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    Carrying Buddhism: The Role of Metal Icons in the Spread and Development of Buddhism 20th J. Gonda Lecture 2012

    The development of art and culture in sixth century South and Southeast Asia needs an extensive and detailed study to determine the nature and impor- tance of the changes and how they can be described and explained. As scholars put together the evidence, the impact of metal icons will, I think, be one of the factors to consider.

    early metal images in india

    The earliest metal icons from India date to the fifth century, but these are very few and their dating is controversial. Even the sixth century produced few met- al icons. The lack of early metal icons may strike scholars as surprising, as the scholarly literature has tended to assume that metal work was of importance in Indian art from the earliest periods. For example, M.N. Deshpande writes in a chapter in the book entitled The Great Tradition: Indian Bronze Masterpieces that Amaravati was “where a flourishing school of bronze sculpture created metal images of great beauty” (Deshpande 1988, p. 31). We will see, however, in the discussion below that there were probably no metal images produced at Amaravati.

    I am not undertaking here to identify all the earliest metal icons from India. My point rather is to place their production beginning very late, particularly when the metal images are considered beside the enormous production of stone sculpture beginning from the Maurya Period (ca. third c. BCE), that is some eight centuries earlier than the metal icon production. Indeed, even the fifth century production of metal icons is slow until about the seventh century. There are virtually no metal icons datable up until the Gupta Period (fourth- fifth c. CE) in North India. Metal images of deities are almost entirely absent (a thorough survey of early metal objects in South Asia is Agrawala 1977). The famous large metal images from Daimabad in Maharashtra are apparently ear- ly, perhaps second millennium BCE, although they are surface finds and are unique, making dating difficult, and in any regard they are not icons of deities (Dhavalikar 1988). It is not until the Kushan period (first – third c. CE) that we have metal icons of deities, and these are small and but a couple of examples. Two tiny bronzes of apparently Hindu deities were excavated at Sonkh near Mathura that date to the Kushan period (Hartel 1977, pp. 90-91, Figs. 33 and 34). One is of an animal headed female with a baby standing beside a human male (10.6 cm high) and a second of a male with a spear (9.3 cm high). Hartel dates these sculptures around 100 CE on the basis of their style, and speaks of the sculpture of the couple as “the oldest Hindustic [sic] bronze so far found in India” (Hartel 1977, p. 90).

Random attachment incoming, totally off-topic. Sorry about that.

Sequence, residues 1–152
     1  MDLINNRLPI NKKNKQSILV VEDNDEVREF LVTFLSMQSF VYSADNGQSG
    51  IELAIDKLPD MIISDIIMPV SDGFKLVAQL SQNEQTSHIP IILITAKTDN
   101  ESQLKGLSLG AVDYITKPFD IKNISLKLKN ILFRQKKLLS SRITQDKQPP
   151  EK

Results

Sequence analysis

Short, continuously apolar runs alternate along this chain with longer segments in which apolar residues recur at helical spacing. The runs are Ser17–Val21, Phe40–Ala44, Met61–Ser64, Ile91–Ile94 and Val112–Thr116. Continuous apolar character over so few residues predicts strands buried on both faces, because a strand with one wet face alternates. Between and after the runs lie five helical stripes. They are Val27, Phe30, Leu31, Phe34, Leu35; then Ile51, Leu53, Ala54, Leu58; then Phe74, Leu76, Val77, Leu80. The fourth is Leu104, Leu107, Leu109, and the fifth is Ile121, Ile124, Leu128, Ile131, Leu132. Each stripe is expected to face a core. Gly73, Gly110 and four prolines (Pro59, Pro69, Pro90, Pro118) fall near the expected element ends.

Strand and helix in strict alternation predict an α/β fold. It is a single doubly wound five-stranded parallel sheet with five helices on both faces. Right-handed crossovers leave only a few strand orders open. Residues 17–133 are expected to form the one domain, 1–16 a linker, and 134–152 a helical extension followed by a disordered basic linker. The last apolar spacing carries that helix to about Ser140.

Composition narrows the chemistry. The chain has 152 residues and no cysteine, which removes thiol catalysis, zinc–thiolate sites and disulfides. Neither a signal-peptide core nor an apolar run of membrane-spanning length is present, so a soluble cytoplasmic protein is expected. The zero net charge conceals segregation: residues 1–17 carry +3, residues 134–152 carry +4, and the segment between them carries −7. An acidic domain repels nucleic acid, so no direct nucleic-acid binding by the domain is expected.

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    Carrying Buddhism: The Role of Metal Icons in the Spread and Development of Buddhism 20th J. Gonda Lecture 2012

    Fig. 1. Jain Tirthankara: Rishabhan- atha, Chausa, India, Copper Alloy, Fourth Century, H: 21 cms., Patna Museum, (From Deshpande 1988, Figure 5).

    Fig. 2. Buddha, India, Copper Alloy, Sixth Century, H: 39.4 cm., Los Ange- les County Museum of Art (M.70.17), (Photograph courtesy LACMA).

    It is in the Gupta period (fourth-sixth c. CE) that metal icons of deities begin to occur with any frequency, but are still very restrictive. The Jain metal sculp- tures from Chausa are perhaps the earliest of these images. Found together as a hoard are 18 metal sculptures, including both standing and seated images of Tirthankaras (Fig. 1) (Gupta 1965, figs. XVIII, XIX, XX, XXI). Dates for these sculptures have varie